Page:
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When the Dusky Sky was Most Beautiful

I found them at the hour when the dusky sky was most beautiful. There was a small spot of darkness on the mounded snow, just where the parting sun reflected its glittery magic in that moment of time. Each time, on my way to close the chicken doors for the evening, an unfortunate detour led me to realize that my hens had met their demise. Two days in a row, a laying hen died before she was really done living.

We believe the predator was a raccoon. When we first moved to the farm, we would spot one or another of the resident raccoons peering from a tree or sneaking around in the bushes. Some nights' sleeps have been interrupted by the unsettling sounds of cats and raccoons involved in nighttime sparring. It is usually the raccoons that finish off what the barn cats leave from their dinner bowl. An abandoned baby raccoon took up residence in our chicken coop, free ranging with the flock, for a couple of days last summer.

A few days ago when I was checking on the hives, I noticed a raccoon running out of the woods after Christine, one of the young Green Queens who has just begun to lay eggs. I hadn't thought much about this. After all, the chickens and the raccoons had been living harmoniously for a long time.

Sometimes, though, change sneaks up on you and knocks you down. All thirty-one chickens had made it through the long winter with just a few minor rooster brawls and a rough molt or two. Then, in unforeseen flashes of consequence, my precious hens met their Maker while I was kneading bread in the kitchen or listening to the new measures my child had learned on his snare drum.

When your life's work brings an impossibly unpredictable and unending pattern of chaos, conflict, misunderstanding, and struggle with equally sporadic moments of indefinable emotion, you have to live pretty hard in your own head. There's so much to keep us going, maybe because if we stop, we will be eaten alive as the hens were...not by raccoons but by the depths of our own fears.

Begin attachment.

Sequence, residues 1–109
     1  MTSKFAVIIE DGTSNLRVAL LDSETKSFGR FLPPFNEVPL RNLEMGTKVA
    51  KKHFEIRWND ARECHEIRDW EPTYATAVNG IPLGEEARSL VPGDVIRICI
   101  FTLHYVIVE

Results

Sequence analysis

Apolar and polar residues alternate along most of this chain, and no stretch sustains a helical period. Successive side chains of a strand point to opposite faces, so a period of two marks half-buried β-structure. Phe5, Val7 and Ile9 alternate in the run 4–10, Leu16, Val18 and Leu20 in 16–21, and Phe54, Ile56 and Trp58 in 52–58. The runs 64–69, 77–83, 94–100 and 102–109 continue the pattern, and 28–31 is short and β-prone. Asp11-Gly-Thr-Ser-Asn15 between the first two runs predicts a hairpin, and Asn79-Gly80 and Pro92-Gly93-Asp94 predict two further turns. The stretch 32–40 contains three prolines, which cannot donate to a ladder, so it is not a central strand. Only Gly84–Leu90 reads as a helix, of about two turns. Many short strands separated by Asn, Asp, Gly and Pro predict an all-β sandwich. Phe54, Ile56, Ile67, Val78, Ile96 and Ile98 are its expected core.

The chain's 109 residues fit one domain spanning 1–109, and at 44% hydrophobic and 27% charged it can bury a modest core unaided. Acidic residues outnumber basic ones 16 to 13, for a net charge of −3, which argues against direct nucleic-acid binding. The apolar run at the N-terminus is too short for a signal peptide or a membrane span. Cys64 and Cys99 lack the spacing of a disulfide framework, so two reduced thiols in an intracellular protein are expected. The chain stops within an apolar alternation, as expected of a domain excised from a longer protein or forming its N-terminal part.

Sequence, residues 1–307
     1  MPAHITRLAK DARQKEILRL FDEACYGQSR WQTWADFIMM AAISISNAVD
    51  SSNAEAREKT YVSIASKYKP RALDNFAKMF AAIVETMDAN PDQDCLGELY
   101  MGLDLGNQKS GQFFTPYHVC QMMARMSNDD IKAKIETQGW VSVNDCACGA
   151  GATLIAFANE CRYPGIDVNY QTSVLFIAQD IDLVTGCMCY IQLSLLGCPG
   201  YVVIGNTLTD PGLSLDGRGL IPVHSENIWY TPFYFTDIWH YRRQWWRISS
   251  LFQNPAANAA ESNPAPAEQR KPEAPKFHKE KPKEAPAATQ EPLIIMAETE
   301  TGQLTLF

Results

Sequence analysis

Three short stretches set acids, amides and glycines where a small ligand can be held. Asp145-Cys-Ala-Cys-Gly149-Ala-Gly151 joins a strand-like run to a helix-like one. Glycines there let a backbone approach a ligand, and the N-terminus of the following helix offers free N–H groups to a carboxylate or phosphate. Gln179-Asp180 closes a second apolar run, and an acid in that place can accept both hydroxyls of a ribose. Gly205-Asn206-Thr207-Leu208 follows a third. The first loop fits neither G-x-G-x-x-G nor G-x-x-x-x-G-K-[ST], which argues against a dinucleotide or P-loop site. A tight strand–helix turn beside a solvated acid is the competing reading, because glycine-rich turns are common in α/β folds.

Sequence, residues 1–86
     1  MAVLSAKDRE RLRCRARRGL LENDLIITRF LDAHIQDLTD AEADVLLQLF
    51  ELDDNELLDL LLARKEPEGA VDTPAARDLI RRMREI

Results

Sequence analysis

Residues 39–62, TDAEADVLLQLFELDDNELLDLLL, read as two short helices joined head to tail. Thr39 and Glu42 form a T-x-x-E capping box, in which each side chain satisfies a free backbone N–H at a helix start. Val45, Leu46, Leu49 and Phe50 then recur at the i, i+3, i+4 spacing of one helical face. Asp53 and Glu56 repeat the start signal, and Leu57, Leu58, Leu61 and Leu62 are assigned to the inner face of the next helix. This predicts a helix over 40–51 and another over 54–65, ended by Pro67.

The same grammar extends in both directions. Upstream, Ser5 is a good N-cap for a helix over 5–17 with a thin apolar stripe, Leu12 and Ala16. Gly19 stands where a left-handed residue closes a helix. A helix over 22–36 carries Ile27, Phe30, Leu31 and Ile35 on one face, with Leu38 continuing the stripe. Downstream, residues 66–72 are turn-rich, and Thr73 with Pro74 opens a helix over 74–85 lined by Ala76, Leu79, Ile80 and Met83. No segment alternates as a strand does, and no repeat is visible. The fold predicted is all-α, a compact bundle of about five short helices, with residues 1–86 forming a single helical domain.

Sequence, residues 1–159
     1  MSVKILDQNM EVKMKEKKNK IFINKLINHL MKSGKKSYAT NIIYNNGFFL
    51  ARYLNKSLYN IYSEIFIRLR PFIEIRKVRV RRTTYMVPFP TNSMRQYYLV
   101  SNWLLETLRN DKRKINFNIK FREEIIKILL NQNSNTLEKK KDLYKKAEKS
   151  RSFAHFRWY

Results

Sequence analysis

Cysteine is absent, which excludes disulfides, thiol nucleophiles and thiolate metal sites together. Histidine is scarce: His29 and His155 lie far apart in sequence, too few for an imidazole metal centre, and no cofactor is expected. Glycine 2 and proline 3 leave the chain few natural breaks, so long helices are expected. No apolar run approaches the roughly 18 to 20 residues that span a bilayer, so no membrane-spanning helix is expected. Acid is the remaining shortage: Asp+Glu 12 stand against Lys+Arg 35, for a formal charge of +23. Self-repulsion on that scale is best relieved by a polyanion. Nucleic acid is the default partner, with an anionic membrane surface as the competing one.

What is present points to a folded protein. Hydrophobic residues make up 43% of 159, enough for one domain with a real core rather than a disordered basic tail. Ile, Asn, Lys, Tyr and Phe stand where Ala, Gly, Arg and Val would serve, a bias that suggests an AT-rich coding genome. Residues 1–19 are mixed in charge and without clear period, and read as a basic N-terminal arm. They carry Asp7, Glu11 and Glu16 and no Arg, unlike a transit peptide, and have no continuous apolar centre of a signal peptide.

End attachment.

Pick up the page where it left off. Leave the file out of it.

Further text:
Today, I kept my hens locked safely in the confines of their run. It's cold outside, and they tend to stay close to the coops anyway on days like this. I can't, though, keep them locked up forever.

My friend took pictures of the three little boys at the time of their adoptions. They were toddlers. Two of them were photographed at bridges at the lagoon. Adoption, for us, is not a "crossing over" as much as it has been a step along the way. The bridge stretches long and the footing is not always secure. Sometimes, it's as scary as a fun-house bridge: the kind that you wonder if you will survive as you fumble, shaking, toward the light.

I can't keep them safe forever, and I know that. As the older ones find their footings, as I carry a wire basket of freshly laid eggs in a glorious array of colors, as one day turns to the next, I am struck by the mystery and wonder of what we are here to do...whatever exactly that is.

"My chin is sore, the bruise is gone but the spot is tender."

--10,000 Maniacs, "Cotton Alley"

Rest in Peace, Hen Howard and Sarah Minor. And thank you, Catherine, for capturing my tiny boys as they were.

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